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Why does deep snow layer not kill plants? A thick blanket of the white stuff cuts out light to the leaves, and they must therefore be in darkness under it. In a winter spell like this one they could be under snow for days, or a week? Is their ability to survive the light deprivation due to their dormancy and that the plants are not 'active'? I would have thought that the same amount of light deprivation during the growing season would make them turn pale and yellow in no time. What is this mystery? Can anyone shed light on?



Snowman_006

Answers

 

Snow being white, underneath a thick layer it reflects light to the plants, many which are hardy are protected from sub zero temperatures and the chill of the wind. Thawing out gives a plant plenty of water to replenish the lack of it when frozen. The thicker the layer also helps to protect from sun rays which burn our plants when it is only a frost.

6 Jan, 2010

 

" they could be under snow for days, or a week" - Johnathon, our garden has been under deep snow for two weeks now and the forcast is for the weather to continue for another couple of weeks (at least?). Once the milder weather comes it will take a week or two for all the snow to shift :-(((((
Agree with what Doctorbob says above. Hopefully the snow will provide some insulation and most will be OK.

6 Jan, 2010

 

there is no need, for me to add any thing, but I must, I agree conpleatly with doctor Bob, well put.

6 Jan, 2010

 

Hmm. I'm not sure I'm quite there on this. I have a rain cover over my back door which is made of thin transparent sheet. 4" of snow is sitting on it and I have been looking up at it from underneath today. The light reduction from that amount of snow is significant, but methinks would not be too much to deprive a plant to its detriment. But double the depth, or three times, or even more, then is very little light indeed. I reckon they will have to survive almost lightlessly for a while, yet seems they do.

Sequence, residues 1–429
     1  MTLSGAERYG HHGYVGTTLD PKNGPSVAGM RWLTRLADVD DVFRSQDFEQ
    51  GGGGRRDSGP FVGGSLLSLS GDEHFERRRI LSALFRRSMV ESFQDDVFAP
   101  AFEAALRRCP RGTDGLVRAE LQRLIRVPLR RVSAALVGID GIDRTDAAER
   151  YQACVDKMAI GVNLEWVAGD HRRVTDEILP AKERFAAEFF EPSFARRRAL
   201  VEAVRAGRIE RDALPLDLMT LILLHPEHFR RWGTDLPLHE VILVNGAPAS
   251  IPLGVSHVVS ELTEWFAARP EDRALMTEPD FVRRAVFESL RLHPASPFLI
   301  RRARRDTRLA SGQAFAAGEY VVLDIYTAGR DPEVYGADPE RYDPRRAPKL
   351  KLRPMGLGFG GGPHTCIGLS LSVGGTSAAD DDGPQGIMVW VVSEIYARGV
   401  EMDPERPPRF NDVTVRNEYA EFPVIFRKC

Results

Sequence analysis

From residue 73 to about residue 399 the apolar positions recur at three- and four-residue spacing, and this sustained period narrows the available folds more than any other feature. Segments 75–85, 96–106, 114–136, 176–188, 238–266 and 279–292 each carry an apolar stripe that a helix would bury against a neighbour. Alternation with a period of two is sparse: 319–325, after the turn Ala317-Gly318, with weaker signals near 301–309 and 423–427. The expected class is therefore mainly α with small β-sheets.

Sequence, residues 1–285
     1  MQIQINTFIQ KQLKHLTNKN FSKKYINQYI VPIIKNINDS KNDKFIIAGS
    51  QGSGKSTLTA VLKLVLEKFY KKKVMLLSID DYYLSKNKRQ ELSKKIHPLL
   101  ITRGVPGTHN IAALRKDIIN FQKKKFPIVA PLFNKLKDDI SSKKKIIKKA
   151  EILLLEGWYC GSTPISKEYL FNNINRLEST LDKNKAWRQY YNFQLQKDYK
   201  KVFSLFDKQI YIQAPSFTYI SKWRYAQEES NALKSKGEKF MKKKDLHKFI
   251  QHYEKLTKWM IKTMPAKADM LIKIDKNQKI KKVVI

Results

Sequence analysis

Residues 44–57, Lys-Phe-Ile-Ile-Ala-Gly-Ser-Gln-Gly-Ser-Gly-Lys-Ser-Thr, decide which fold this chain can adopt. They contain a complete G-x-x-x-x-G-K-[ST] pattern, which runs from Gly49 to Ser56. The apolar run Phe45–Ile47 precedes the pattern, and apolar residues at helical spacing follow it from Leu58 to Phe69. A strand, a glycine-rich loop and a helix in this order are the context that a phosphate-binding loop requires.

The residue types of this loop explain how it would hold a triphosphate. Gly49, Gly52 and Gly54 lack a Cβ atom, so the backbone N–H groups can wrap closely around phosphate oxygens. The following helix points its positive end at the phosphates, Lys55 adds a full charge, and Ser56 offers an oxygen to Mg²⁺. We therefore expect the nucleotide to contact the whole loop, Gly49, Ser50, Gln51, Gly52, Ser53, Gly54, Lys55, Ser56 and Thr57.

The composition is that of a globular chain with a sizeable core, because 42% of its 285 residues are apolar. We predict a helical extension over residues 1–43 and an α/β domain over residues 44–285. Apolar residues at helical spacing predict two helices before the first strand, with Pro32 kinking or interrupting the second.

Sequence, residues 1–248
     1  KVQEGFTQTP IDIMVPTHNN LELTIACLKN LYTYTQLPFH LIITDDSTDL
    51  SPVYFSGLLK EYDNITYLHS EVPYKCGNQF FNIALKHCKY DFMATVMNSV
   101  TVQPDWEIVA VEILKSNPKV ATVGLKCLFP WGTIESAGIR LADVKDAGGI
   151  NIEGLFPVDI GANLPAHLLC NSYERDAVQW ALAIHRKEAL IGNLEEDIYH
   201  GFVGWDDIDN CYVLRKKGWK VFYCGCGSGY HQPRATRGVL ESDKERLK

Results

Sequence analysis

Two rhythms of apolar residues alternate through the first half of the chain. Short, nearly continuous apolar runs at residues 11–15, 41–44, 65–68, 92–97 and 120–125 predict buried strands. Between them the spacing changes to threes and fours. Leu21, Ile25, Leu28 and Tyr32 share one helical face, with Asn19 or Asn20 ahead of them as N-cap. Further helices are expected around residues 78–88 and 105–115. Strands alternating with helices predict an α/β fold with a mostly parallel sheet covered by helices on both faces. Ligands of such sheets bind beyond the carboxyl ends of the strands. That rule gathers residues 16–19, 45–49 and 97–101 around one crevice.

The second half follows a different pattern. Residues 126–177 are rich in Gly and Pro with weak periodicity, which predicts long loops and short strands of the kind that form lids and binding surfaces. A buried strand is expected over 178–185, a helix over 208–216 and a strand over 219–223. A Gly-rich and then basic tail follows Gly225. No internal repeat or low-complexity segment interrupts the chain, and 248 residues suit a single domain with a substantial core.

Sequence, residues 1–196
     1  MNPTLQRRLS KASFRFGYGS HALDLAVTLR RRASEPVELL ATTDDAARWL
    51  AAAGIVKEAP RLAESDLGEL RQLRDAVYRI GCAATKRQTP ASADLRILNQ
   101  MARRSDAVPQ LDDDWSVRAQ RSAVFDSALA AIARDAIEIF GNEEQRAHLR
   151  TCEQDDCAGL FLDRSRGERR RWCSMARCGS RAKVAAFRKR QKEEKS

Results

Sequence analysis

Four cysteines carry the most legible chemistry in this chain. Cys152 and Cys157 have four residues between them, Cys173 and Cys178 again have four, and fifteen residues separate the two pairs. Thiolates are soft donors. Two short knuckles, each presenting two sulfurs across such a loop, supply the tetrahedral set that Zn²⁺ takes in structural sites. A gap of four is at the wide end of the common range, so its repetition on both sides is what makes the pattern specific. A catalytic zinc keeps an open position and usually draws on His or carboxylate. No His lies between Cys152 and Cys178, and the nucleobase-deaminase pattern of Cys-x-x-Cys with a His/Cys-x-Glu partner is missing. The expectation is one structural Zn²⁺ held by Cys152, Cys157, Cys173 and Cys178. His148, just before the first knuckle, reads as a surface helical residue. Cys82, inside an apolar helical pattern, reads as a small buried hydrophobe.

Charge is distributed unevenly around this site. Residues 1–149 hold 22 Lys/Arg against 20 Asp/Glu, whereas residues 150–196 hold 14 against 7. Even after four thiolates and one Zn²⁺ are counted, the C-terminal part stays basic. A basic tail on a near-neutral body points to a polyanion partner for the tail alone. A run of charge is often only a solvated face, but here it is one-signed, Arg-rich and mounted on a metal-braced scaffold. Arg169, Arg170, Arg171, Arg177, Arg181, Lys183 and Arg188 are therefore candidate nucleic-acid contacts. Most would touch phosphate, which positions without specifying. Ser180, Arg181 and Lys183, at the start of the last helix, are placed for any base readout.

6 Jan, 2010

 

I promise you Jonathan so long as it snowed before it froze (if indeed it has frozen) you will have no problems. We love visiting the Austrian alps as the snow goes back... tiny wee plants that have been covered in snow for months emerge ready to flower! Both the soldanella and the hepaticas are good at doing this as are some of the primulas.

6 Jan, 2010

 

"Come spring, tilt reverses,
Earth shifts and rises, upwards towards the sun
To be held and kissed,
Rises in glory to meet the beaming rays
Of golden furnace shone through haze;
Dehibernation, thaw." (Me).

6 Jan, 2010

 

it is some time ago now ,but during training in the army I spent a short time in a snow house in the kairgorms, proberly spelt wrong, that was dug deep into the snow, we did not need a light during the day and I am talking a lot more than four inches, and it was a lot wormer than out side, I also spent a night in a cave ,and belive me I have never been so cold,

6 Jan, 2010

 

Hi Cliffo Cairngorms - actually a type of smoky quartz... sorry I have miles of useless, or possibly useful, info in my head. And yes inside a snow hole it is much warmer than outside... serious winter climbers live in them for days so they can start climbing a first light before the ice starts to thaw.

Love the poem J.

6 Jan, 2010

 

Just a thought: I was awake at 3.00 am last night and looking out of the window. It was amazing to see the garden so full of light. Even thought the sky was overcast, it seemed almost like day time, because light was reflecting upwards into the air off the snow on the ground, and off the snow on the fences and trees.